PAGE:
US downs Syr­ian jet...Rus­sia warns

Arab Times - - FRONT PAGE -

BEIRUT, June 19, (RTRS): Rus­sia, Iran and the United States are draw­ing new red lines for each other in Syria, with Moscow warn­ing Wash­ing­ton on Mon­day it would treat any US-led coali­tion planes in its area of op­er­a­tions as po­ten­tial tar­gets af­ter the US air force downed a Syr­ian jet.

Ten­sions es­ca­lated on Sun­day as the US army brought down the jet near Raqqa and Iran launched mis­siles at Is­lamic State tar­gets in eastern Syria – the first time each state has car­ried out such ac­tions in the multi-sided Syr­ian war. A pro-Da­m­as­cus com­man­der said Tehran and Wash­ing­ton were draw­ing “red lines”.

Rus­sia, like Iran an ally of Pres­i­dent Bashar al-As­sad, is­sued a warn­ing of its own to the United States in re­sponse to the down­ing of the Syr­ian jet, say­ing on Mon­day it would view as tar­gets any planes fly­ing west of the Euphrates River, though it stopped short of say­ing it would shoot any down.

Re­treat

The in­ci­dents re­flect mount­ing com­pe­ti­tion for ar­eas of Syria where Is­lamic State (IS) in­sur­gents are in re­treat, leav­ing swathes of ter­ri­tory up for grabs and pos­ing the ques­tion of what comes next for US pol­icy that is shaped first and fore­most by the pri­or­ity of van­quish­ing the ji­hadists.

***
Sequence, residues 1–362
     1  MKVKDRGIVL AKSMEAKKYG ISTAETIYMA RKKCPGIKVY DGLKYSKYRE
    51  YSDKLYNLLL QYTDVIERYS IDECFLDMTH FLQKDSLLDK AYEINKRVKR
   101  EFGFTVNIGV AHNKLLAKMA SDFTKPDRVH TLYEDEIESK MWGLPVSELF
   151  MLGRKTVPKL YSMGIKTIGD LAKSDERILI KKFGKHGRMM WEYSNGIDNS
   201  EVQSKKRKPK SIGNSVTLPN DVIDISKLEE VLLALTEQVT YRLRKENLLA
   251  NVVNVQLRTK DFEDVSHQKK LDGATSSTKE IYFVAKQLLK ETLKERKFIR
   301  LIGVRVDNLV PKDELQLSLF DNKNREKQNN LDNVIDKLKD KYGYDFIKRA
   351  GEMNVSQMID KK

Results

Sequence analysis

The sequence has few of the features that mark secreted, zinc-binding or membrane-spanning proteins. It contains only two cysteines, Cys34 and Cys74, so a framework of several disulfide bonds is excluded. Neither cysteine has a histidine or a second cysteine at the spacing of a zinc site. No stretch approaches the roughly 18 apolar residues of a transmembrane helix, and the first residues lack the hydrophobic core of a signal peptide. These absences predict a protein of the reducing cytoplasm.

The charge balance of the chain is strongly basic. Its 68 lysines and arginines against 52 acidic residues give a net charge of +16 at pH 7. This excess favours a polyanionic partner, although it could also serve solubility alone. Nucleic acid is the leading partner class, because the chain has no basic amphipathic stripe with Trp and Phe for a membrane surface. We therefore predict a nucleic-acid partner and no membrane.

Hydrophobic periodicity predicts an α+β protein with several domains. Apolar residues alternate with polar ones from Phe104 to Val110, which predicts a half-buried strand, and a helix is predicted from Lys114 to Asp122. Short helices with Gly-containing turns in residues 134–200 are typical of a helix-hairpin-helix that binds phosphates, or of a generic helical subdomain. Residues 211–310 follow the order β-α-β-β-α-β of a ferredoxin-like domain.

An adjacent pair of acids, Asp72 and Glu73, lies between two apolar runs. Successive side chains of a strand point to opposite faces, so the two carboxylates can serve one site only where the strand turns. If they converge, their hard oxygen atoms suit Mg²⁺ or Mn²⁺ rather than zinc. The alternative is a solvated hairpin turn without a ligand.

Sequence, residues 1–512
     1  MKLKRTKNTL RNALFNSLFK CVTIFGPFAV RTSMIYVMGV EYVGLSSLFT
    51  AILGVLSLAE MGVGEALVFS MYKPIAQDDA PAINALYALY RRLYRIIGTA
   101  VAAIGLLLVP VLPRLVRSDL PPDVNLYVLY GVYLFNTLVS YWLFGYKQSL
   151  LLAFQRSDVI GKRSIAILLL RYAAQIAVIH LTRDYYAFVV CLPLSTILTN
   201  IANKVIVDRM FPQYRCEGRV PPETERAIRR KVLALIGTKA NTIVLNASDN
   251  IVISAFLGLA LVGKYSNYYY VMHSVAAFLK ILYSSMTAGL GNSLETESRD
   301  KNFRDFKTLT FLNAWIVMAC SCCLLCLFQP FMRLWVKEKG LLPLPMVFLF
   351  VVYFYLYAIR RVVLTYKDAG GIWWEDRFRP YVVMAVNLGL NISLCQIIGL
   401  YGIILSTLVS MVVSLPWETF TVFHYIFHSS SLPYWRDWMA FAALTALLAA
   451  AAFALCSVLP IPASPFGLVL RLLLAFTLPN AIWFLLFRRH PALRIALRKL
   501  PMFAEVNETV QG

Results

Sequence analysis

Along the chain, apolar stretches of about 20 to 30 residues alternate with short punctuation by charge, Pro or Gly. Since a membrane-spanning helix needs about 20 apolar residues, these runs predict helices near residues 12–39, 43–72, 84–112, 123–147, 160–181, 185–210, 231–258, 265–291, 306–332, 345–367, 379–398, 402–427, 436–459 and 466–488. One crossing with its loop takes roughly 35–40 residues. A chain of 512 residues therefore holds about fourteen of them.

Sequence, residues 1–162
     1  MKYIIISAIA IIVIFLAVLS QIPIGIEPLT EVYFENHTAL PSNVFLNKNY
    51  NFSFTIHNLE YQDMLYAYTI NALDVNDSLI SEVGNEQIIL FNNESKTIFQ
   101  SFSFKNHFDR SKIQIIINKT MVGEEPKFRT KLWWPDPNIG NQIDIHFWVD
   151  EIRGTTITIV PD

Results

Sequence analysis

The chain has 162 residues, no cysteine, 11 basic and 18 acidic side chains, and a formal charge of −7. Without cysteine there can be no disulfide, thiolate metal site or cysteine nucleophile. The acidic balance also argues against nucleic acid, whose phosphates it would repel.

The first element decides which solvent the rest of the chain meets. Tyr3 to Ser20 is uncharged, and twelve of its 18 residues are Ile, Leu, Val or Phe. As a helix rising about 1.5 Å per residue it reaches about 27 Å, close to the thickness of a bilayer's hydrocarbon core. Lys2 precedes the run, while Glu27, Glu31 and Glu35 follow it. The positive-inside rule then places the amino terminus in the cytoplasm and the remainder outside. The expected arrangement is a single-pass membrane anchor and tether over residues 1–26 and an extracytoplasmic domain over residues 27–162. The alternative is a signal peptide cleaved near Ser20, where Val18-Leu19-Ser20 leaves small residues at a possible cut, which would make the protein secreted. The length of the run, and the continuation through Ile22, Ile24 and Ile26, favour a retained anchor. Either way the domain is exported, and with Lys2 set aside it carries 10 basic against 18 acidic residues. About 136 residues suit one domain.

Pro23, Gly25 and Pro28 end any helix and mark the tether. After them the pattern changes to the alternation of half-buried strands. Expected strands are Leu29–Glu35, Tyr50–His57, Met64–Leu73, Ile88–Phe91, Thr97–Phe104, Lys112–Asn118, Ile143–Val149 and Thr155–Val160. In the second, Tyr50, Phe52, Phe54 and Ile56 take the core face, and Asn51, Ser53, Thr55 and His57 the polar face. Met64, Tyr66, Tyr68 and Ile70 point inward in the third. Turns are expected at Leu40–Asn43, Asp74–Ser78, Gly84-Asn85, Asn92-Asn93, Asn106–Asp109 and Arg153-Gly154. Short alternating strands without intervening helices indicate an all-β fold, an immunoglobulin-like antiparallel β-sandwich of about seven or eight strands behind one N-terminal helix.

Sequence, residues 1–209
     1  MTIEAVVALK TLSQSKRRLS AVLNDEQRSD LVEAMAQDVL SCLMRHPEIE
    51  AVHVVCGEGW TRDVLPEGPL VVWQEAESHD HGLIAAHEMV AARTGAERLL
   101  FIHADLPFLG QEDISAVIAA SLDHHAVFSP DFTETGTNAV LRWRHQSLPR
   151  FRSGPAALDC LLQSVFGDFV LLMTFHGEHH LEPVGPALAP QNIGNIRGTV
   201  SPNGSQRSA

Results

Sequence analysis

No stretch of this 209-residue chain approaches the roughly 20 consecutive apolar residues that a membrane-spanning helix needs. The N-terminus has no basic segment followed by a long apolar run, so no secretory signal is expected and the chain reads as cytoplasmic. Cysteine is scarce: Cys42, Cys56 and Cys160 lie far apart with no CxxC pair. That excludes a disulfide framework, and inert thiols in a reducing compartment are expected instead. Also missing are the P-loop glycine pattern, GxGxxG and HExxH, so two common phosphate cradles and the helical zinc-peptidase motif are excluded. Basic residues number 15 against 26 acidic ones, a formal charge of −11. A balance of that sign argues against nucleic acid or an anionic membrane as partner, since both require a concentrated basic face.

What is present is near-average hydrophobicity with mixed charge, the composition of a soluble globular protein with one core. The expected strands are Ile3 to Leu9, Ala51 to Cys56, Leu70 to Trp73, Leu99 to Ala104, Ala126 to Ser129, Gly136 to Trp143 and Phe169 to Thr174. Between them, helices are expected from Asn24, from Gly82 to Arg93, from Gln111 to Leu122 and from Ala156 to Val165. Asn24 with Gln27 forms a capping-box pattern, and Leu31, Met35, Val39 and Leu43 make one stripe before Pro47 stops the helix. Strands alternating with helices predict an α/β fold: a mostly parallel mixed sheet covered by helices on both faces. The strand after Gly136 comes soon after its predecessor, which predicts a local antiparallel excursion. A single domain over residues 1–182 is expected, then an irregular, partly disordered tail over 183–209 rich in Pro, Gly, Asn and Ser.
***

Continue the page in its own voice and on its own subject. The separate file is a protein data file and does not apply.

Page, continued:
The United States said the Syr­ian army plane shot down on Sun­day had dropped bombs near fight­ers of the Syr­ian Demo­cratic Forces (SDF), a US-backed al­liance of Kur­dish and Arab fight­ers bat­tling to cap­ture the city of Raqqa from IS.

Rus­sia’s De­fence Min­istry re­sponded on Mon­day by sus­pend­ing co­op­er­a­tion with the United States aimed at avoid­ing air in­ci­dents over Syria, where the Rus­sian air force is bomb­ing in sup­port of As­sad’s cam­paigns against rebels and IS.

The Syr­ian army said the jet was shot down while fly­ing a mis­sion against Is­lamic State.

The SDF how­ever ac­cused the Syr­ian govern­ment on Mon­day of at­tack­ing its po­si­tions us­ing planes, ar­tillery and

tanks. “If the regime con­tin­ues at­tack­ing our po­si­tions in Raqqa prov­ince, we will be forced to re­tal­i­ate,” SDF spokesman Talal Silo said.

The Syr­ian govern­ment this month marched into Raqqa prov­ince from the west but had avoided con­flict with the US-backed SDF un­til the lat­est in­ci­dent.

“The SDF is get­ting big-headed,” said the pro-Da­m­as­cus mil­i­tary com­man­der, a non-Syr­ian who spoke to Reuters on con­di­tion of anonymity. “There could be prob­lems be­tween it and So­heil Has­san,” said the com­man­der, re­fer­ring to the Syr­ian of­fi­cer lead­ing the govern­ment of­fen­sive in Raqqa prov­ince.

The United States has said its re­cent ac­tions against Syr­ian govern­ment forces and al­lied mili­tia have been self-de­fen­sive in na­ture, aimed at stop­ping at­tacks on US-led coali­tion forces or their lo­cal al­lies.

These have in­cluded sev­eral air strikes against pro-govern­ment forces that have sought to ad­vance to­wards a US mil­i­tary base in south­east­ern Syria near the bor­der with Iraq, where the US mil­i­tary has been train­ing rebels to fight IS.

The area is of strate­gic sig­nif­i­cance to Tehran as it seeks to se­cure a land cor­ri­dor to its al­lies in Iraq, Syria and Le­banon and es­tab­lish a “Shi’ite cres­cent” of in­flu­ence that has long con­cerned US-al­lied states in the Mid­dle East.

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